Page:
Bitcoin is not having the best start to 2015. Bitstamp, the second-largest USD bitcoin exchange, suspended its operations early Monday morning after discovering one of its wallets has been “compromised”. (Update: Bitstamp has confirmed that 19,000 BTC, or $5 million, is missing — see full note at bottom.)
A Reddit user spotted the problem after trying to send bitcoins to his account, which then never arrived. An e-mail from Bitstamp support said that “You should STOP SENDING bitcoin deposits to your Bitstamp account IMMEDIATELY as private keys of your deposit address may be lost. Your bitcoins already deposited with us are stored in a cold wallet and can not be affected.”
Bitstamp has since updated its site with an acknowledgement of the problems and has suspended its operations entirely:
[blockquote person=”” attribution=””]We have reason to believe that one of Bitstamp’s operational wallets was compromised on January 4th, 2015.
As a security precaution against compromises Bitstamp only maintains a small fraction of customer bitcoins in online systems. Bitstamp maintains more than enough offline reserves to cover the compromised bitcoins.
IN THE MEANTIME, PLEASE DO NOT MAKE DEPOSITS TO PREVIOUSLY ISSUED BITCOIN DEPOSIT ADDRESSES. THEY CANNOT BE HONORED!
Customer deposits made prior to January 5th, 2015 9:00 UTC are fully covered by Bitstamp’s reserves. Deposits made to newly issued addresses provided after January 5th, 2015 9:00 UTC can be honored.
Bitstamp takes our security and soundness very seriously. In an excess of caution, we are suspending service as we continue to investigate. We will return to service and amend our security measures as appropriate.[/blockquote]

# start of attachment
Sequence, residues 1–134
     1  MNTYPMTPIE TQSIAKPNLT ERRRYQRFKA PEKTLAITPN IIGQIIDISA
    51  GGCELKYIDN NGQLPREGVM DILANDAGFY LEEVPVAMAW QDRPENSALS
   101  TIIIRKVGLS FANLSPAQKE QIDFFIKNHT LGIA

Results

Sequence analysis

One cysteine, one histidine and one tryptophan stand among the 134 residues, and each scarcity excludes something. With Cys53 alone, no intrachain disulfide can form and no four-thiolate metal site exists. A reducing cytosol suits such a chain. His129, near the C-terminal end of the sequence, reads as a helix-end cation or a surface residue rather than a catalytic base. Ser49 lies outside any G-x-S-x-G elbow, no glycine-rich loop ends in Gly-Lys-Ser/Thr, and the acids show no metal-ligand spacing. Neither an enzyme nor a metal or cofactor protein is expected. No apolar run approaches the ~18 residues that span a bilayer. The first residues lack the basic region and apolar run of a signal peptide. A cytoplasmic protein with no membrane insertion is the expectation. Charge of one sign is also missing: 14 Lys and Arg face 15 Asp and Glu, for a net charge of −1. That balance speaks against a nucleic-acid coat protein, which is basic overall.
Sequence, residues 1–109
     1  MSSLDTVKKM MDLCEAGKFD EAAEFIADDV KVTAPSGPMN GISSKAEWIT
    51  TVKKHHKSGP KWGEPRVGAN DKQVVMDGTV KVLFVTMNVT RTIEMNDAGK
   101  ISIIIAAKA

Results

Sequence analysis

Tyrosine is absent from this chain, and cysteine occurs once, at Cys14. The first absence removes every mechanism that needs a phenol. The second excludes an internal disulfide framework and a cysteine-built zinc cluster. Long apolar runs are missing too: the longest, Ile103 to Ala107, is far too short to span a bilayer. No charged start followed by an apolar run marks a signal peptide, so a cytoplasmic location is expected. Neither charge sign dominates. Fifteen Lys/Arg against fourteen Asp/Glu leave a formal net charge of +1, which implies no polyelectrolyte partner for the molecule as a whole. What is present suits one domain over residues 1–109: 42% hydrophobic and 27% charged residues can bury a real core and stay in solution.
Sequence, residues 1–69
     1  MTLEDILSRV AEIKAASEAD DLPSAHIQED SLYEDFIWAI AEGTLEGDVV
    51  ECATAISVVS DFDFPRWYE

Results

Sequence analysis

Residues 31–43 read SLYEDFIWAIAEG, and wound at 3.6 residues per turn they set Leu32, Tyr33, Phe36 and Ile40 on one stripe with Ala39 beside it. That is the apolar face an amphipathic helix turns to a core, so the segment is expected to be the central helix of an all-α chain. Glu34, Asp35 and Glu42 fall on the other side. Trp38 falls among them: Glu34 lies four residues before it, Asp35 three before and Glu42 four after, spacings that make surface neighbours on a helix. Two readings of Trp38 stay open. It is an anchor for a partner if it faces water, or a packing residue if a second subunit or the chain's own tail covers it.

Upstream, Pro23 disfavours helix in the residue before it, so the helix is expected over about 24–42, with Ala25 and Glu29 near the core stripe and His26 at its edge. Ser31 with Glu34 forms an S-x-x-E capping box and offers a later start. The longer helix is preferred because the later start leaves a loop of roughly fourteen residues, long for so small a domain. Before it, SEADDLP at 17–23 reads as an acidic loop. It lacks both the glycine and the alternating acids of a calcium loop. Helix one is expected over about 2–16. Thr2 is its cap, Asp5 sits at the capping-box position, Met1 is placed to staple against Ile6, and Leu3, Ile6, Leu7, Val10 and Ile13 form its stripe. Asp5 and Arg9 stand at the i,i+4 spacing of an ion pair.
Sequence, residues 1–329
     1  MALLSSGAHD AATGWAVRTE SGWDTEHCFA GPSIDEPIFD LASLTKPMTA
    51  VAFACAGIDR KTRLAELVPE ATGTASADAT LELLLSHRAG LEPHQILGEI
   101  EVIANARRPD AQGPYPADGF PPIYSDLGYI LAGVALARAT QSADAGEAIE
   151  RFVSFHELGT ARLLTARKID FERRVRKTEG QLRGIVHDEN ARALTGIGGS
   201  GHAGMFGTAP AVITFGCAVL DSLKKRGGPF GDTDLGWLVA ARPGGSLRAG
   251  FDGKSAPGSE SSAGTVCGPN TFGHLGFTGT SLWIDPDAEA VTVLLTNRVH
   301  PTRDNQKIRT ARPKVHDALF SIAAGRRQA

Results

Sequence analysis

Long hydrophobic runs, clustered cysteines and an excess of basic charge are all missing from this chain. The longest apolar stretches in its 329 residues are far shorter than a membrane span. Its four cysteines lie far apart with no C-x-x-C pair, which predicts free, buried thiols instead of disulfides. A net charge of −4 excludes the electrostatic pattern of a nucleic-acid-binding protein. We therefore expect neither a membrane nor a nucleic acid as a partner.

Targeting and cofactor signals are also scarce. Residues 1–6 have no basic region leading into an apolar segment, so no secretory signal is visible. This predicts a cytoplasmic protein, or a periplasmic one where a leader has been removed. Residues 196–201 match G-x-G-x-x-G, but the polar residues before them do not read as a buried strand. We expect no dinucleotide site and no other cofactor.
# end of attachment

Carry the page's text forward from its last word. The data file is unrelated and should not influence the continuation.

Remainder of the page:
For now, it appears unlikely the Bitstamp situation is a MtGox level meltdown. As CEO Nejc Kodric explained on Twitter, the exchange holds the majority of its bitcoin in cold wallet storage (where the keys to the walletr are stored offline, often on a USB drive or even on pieces paper), which is generally considered more secure. Kodric also that Bitstamp had passed an independent audit in May 2014.
To restate: the bulk of our bitcoin are in cold storage, and remain completely safe.
— Nejc Kodrič (@nejc_kodric) January 5, 2015
Bitstamp’s suspension of service is another early blow to bitcoin in 2015. The price started the year at $318, but has already fallen $50 dollars to around $268 as of 11a.m. PT. Not a great start for the currency that was already labeled the “worst investment of 2014“.
Update as of 3:10p.m. PT: It looks like 19,000 BTC (or approximately $5 million) was stolen from Bitstamp. Kodric released a new statement, promising to honor balances held prior to the suspension of services.
[blockquote person=”” attribution=””]Bitstamp customers can rest assured that their bitcoins held with us prior to temporary suspension of services on January 5th (at 9am UTC) are completely safe and will be honored in full.
On January 4th, some of Bitstamp’s operational wallets were compromised, resulting in a loss of less than 19,000 BTC. Upon learning of the breach, we immediately notified all customers that they should no longer make deposits to previously issued bitcoin deposit addresses. As an additional security measure, we suspended our systems while we fully investigate the incident and actively engage with law enforcement officials.
This breach represents a small fraction of Bitstamp’s total bitcoin reserves, the overwhelming majority of which are held in secure offline cold storage systems. We would like to reassure all Bitstamp customers that their balances held prior to our temporary suspension of services will not be affected and will be honored in full.
We appreciate customers’ patience during this disruption of services. We are working to transfer a secure backup of the Bitstamp site onto a new safe environment and will be bringing this online in the coming days. Customers can stay informed via updates on our website, on Twitter (@Bitstamp) and through Bitstamp customer support at [email protected][/blockquote]